A natural sleep remedy with some surprising benefits
If you’re searching for a natural sleep remedy to help you fall asleep faster and stay asleep longer, it might be time to take a second look at an herb that’s been used for centuries. Chamomile, a white, daisy-like flower, is one of the most popular “sleep” herbs – but it also has anti-inflammatory and anti-bacterial properties. It’s been used for everything from treating chest colds to a sleep aid to soothing an upset stomach to fighting infection in slow-healing wounds.
Since ancient times, different cultures have used chamomile for its healing and sedative powers. The Egyptians dedicated the herb to the sun and worshiped it above all other herbs for its healing powers. Hieroglyphic records also show that it was used cosmetically for at least 2,000 years. Greek physicians prescribed it for fevers and female disorders.
Research has shown that chamomile’s chemical structure affects the brain in much the same was as anti-anxiety drugs. The plant contains apigenin, a chemical compound that, when consumed, can make you feel sleepy. A study published in the Journal of Advanced Nursing in 2015 followed 80 new mothers and found that those who drank chamomile tea reported fewer sleep issues. Fussy babies notwithstanding, of course.
German chamomile, which has a mild, fragrant aroma, is often sold as dried flower heads for an infusion (tea). Roman chamomile, which has a bitter taste, is normally taken as a liquid extract or in a tincture (concentrated in alcohol), cream or ointment. Herbalists recommend adding a drop or two of chamomile oil to a cotton ball and placing it near your pillow or mattress. Or if you prefer, spray your bed linens with a chamomile-infused linen spray.
If you suffer from asthma, pneumonia or hay fever, the scent of chamomile while you sleep can help with symptoms. If you enjoy a warm bath at the end of a long day, adding a few drops of chamomile oil can help reduce stress, ease aches and act as a mild sedative to help you fall asleep.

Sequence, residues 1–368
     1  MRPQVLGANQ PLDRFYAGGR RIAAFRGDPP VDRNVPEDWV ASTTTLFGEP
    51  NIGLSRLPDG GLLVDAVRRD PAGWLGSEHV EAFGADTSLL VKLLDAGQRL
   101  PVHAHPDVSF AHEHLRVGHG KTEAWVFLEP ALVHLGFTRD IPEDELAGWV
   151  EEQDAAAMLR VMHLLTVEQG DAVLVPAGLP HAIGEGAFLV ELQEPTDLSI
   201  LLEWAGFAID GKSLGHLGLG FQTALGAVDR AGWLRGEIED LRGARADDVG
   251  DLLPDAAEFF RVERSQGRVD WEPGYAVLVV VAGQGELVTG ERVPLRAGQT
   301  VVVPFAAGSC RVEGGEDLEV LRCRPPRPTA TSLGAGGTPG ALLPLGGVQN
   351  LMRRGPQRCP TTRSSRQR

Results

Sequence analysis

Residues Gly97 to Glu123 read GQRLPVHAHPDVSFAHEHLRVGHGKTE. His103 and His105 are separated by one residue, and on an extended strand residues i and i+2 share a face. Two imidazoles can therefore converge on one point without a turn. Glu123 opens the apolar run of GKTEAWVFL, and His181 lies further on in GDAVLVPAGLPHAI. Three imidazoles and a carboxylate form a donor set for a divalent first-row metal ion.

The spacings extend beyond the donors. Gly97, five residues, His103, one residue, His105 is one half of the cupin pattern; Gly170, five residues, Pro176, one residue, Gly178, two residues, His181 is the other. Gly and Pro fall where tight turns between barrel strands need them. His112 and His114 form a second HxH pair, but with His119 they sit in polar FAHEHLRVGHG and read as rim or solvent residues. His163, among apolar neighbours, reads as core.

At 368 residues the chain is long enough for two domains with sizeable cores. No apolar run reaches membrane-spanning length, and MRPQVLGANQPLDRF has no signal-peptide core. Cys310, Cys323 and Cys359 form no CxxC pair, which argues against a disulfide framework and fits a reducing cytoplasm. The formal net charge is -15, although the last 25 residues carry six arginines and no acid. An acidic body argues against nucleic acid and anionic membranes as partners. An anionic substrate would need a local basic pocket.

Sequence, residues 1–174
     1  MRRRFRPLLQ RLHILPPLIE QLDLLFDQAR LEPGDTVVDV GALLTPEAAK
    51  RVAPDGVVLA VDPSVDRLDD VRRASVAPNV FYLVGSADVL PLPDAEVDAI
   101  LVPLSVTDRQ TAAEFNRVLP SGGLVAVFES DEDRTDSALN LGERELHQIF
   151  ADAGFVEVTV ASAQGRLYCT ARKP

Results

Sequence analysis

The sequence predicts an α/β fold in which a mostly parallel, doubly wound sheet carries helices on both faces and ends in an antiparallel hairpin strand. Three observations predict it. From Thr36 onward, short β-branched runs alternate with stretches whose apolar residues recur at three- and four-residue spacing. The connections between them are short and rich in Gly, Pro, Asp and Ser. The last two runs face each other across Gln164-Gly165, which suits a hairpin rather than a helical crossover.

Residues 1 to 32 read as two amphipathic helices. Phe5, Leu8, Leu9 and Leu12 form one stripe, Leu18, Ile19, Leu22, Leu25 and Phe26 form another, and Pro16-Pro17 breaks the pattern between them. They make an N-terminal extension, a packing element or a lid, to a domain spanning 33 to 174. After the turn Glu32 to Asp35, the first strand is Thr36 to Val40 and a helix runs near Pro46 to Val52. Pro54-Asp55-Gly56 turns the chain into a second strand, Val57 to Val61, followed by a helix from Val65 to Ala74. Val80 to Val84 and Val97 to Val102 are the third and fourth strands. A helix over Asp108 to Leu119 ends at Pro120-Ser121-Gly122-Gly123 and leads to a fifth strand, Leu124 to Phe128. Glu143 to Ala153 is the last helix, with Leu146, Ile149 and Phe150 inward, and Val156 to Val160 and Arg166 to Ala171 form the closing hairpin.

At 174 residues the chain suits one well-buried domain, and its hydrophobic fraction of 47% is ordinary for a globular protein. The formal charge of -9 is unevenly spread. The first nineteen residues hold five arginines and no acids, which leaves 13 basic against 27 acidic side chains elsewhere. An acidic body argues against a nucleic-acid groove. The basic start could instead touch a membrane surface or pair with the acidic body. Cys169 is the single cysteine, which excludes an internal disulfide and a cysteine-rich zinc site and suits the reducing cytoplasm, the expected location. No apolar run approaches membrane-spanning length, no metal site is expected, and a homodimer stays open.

Just remember that while some sleep aids and herbal remedies like chamomile may help induce sleepiness, they’re not regulated by the FDA. In the case of dietary supplements, the FDA considers them food – not medication – and they aren’t required to prove effectiveness or safety before selling them on the market.
Chamomile tea, a mild approach to sleeping better
Regulated or not, chamomile is considered a very mild herb and because it doesn’t have caffeine, it’s a good pre-bedtime drink. Brewing chamomile tea is similar to any other herbal tisane. This chamomile tea recipe can be prepared with a chamomile tea bag, loose-leaf chamomile tea, or loose, dried chamomile blossoms. You’ll need:
- 1 chamomile tea bag or 1 heaping teaspoon loose-leaf chamomile tea or dried chamomile flowers
- 8 oz. (about 250 ml) boiling water
- Honey, lemon, or mint to sweeten
To brew your tea, add the teabag or loose-leaf tea to your favorite cup or mug. If you’re using loose-leaf tea, add the leaves to an infuser. Chamomile tea is best when steeped in hot – not boiling – water so let your boiling water sit for a minute before adding it to your cup. And then let it steep for 5 to 10 minutes (most herbal teas improve with longer steeping times to bring out their best flavor and fullest benefits).
Remove the tea bag or loose tea leaves. Add sweetener as desired and then sit back, relax and get ready for a great night’s sleep.
Rest well & wake up ready to go!
Better sleep gives rise to better mornings, bringing your goals into focus and dreams within reach. Hungry for more sleep info? Dig into these posts:
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